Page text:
Post-Study Abroad: Fighting Food Insecurity in the USA

By Kelsey Palmisano

Last Fall, I was lucky enough to have the opportunity to study abroad in the beautiful Florence, Italy. During my time abroad, I spent my weekends traveling and was able to visit over 25 cities throughout 10 countries in just four months. Whether in Florence or traveling, one of the biggest parts of my trip was food (I mean come on – I didn’t get the nickname Pizza Queen for nothing). I ate my way through each city, day in and day out. Some days I was legitimately brought to tears over how unbelievably delicious some of the foods I was eating tasted.

From my favorite window pizza in Florence, to fresh seafood in a cone on the coast of Cinque Terre, to traditional Moussaka in Greece, to Käsekrainer (sausage filled with cheese) served inside a baguette-like bread at the Christmas Markets in Vienna, Austria, to the special panino that Pino made with love on my first-ever Thanksgiving without my family, to the mouth watering homemade pistachio-pesto pasta in Sicily at 10am, I never let a single bite go to waste and was known for literally licking my plate clean (even if that meant having to unbutton my pants mid-meal to allow for more room). 

I came home just in time for the holidays in December and being part of a big Italian family like myself, continued to eat. Then – fast forward to second semester at school. I’m living in an off campus house, no longer on a meal plan, and responsible for doing my own grocery shopping/cooking. It was then that I realized just how expensive groceries here in the US really were here (especially in comparison to in Europe) and it amazed me how much food/money it must have taken to feed my family of six each day. I made conscious efforts to never let food go to waste and to make sure I always ate leftovers (if there was ever a rare occasion that there even was any).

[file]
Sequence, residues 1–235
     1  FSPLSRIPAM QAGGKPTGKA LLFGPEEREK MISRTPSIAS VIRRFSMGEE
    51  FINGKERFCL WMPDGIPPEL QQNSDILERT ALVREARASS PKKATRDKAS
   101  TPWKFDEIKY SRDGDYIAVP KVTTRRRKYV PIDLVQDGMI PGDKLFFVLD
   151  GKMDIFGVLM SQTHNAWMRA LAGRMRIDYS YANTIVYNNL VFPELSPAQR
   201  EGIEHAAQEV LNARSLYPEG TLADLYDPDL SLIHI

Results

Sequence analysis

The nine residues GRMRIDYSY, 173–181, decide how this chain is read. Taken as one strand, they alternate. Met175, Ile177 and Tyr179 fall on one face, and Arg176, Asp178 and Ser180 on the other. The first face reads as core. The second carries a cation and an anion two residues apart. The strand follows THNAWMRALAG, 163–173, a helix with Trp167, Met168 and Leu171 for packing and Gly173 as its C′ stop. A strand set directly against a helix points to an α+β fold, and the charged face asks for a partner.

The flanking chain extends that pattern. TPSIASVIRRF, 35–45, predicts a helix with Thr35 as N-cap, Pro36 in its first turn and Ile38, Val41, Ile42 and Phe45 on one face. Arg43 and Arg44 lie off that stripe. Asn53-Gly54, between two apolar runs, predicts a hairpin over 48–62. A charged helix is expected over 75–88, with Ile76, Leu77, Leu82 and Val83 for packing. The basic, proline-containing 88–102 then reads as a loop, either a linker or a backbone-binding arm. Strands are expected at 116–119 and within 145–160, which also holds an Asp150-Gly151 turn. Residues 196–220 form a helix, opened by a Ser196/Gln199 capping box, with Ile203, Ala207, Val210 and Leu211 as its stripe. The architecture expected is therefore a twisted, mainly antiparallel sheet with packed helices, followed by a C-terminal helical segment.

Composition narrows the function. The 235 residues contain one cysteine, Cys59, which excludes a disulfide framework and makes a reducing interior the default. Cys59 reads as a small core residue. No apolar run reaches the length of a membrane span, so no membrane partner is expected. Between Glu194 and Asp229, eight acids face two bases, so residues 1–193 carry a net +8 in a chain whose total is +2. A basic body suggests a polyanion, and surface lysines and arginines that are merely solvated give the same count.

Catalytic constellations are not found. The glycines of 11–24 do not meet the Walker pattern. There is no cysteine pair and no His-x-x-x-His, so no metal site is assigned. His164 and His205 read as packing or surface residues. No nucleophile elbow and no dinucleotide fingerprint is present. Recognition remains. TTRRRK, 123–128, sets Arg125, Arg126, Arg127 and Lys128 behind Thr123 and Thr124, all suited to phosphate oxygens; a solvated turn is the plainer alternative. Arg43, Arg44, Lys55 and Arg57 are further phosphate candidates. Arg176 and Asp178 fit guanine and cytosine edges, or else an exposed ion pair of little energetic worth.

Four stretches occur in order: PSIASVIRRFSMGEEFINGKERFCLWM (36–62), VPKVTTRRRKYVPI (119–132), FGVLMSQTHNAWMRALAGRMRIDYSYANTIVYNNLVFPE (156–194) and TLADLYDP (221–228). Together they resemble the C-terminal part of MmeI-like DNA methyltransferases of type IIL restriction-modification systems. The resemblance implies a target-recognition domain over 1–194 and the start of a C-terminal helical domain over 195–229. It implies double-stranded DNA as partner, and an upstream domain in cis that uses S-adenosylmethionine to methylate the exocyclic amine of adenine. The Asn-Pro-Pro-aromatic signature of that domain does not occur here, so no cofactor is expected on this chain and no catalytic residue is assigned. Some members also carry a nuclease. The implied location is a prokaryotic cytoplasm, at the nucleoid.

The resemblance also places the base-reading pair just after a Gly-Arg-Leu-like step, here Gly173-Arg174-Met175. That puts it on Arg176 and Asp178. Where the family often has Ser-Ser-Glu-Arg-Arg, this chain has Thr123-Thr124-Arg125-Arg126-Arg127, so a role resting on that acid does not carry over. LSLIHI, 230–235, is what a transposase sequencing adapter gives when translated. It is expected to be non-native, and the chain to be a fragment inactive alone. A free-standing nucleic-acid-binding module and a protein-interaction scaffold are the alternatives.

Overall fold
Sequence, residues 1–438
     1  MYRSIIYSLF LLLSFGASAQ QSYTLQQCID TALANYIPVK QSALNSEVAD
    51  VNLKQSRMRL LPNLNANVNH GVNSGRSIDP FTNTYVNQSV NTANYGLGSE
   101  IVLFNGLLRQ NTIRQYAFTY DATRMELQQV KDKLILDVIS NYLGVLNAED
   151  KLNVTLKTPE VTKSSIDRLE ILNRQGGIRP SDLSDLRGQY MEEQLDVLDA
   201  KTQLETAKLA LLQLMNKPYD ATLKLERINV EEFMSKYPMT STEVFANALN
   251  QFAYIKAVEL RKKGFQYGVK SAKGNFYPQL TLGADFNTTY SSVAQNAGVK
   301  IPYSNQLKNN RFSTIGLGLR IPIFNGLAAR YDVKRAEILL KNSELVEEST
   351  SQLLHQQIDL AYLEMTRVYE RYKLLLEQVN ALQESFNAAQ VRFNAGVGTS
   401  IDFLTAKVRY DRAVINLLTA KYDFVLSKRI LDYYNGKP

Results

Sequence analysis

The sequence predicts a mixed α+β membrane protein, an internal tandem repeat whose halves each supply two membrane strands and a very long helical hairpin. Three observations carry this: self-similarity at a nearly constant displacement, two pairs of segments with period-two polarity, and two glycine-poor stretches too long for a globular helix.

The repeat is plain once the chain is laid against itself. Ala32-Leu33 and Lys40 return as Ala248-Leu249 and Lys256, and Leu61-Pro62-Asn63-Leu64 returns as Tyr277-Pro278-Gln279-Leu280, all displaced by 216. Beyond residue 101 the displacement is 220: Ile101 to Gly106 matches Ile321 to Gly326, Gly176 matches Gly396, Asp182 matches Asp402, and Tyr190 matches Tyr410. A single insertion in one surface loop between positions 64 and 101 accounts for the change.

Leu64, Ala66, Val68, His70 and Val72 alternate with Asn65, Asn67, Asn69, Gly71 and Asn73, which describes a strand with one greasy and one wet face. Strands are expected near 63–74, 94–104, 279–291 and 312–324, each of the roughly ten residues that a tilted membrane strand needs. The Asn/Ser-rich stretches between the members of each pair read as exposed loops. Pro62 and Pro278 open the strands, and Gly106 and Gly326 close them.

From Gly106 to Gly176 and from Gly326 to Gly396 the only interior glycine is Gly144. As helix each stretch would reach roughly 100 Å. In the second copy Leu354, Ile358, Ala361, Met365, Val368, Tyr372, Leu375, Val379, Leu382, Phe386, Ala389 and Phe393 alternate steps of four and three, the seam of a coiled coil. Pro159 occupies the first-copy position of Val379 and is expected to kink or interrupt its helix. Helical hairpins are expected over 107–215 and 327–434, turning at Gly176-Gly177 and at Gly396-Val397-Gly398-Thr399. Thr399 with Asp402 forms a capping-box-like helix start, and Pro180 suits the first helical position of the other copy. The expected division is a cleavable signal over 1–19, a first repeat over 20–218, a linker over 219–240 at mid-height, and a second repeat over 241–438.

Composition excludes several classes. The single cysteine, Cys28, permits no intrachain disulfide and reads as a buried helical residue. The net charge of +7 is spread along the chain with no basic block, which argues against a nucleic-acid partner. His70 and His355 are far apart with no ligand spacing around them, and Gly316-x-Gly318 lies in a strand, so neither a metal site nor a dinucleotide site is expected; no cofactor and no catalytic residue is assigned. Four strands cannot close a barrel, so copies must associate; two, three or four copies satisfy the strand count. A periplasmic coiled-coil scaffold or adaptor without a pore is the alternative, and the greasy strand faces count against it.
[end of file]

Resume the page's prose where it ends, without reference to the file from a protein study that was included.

Fast forward a couple months…time to lock in a summer internship. After struggling through a difficult semester, I needed to do something meaningful this summer – something that I enjoyed and would bring me to be part of a positive environment. I went against the pressures of getting a 40+ hour paid internship at a major company in Manhattan and instead I chose to spend my summer interning at a Non-profit called Move for Hunger in Asbury Park, NJ and working as a hostess at Blu Sushi in Normandy Beach in the evenings. Most kids my age are so wrapped up in getting ahead with the perfect internship and living in NYC, but that just wasn’t for me. I wasn’t ready for that hustle and bustle and I could not have been happier with my decision. Instead, I spend my time fighting hunger. Whether it be in the office in Asbury, or sharing what I’m doing with those I come encounter with in my life on a daily basis, I am always making conscious efforts to call to attention the food insecurity and food waste issue that is impacting millions of Americans everyday.

charity food insecurity usa

On the first day of the internship, we got a list of fast facts that left me in disbelief. Here’s the breakdown:

  • Food insecurity affects more than 42 million Americans
  • Food insecurity affects 1 in 6 children in the US
  • 40% of the food produced in the US each year is lost or wasted

In my home state of New Jersey, almost one million people go to bed hungry each night. The county with the highest food insecurity rate (17.4%) is also ironically the county I live in – Essex County. So while I was traveling all around Europe and eating my way through one city after the next, almost 140,000 people who come from the same county as me were going to bed hungry each night. This really makes me think about things. It is extremely disheartening and gives me a sense of guilt that makes me that much more eager to fight the hunger issue that is impacting millions of people everyday. If that many people are hungry from just my local community, imagine how many people all around the world are hungry. To find facts for any state, county, or congressional district, go to

I am determined to fight this hunger issue through raising awareness, encouraging others to get involved and take action, and fundraising to support Move For Hunger so we can continue to help those in need. I am humbled to be working with such a great team to fight this national issue and hope you will take action too. Please consider joining me in the fight to end hunger by donating to my page, sharing this post with family and friends, and encouraging others to give back to their local communities. For more information on Move For Hunger, visit our website!

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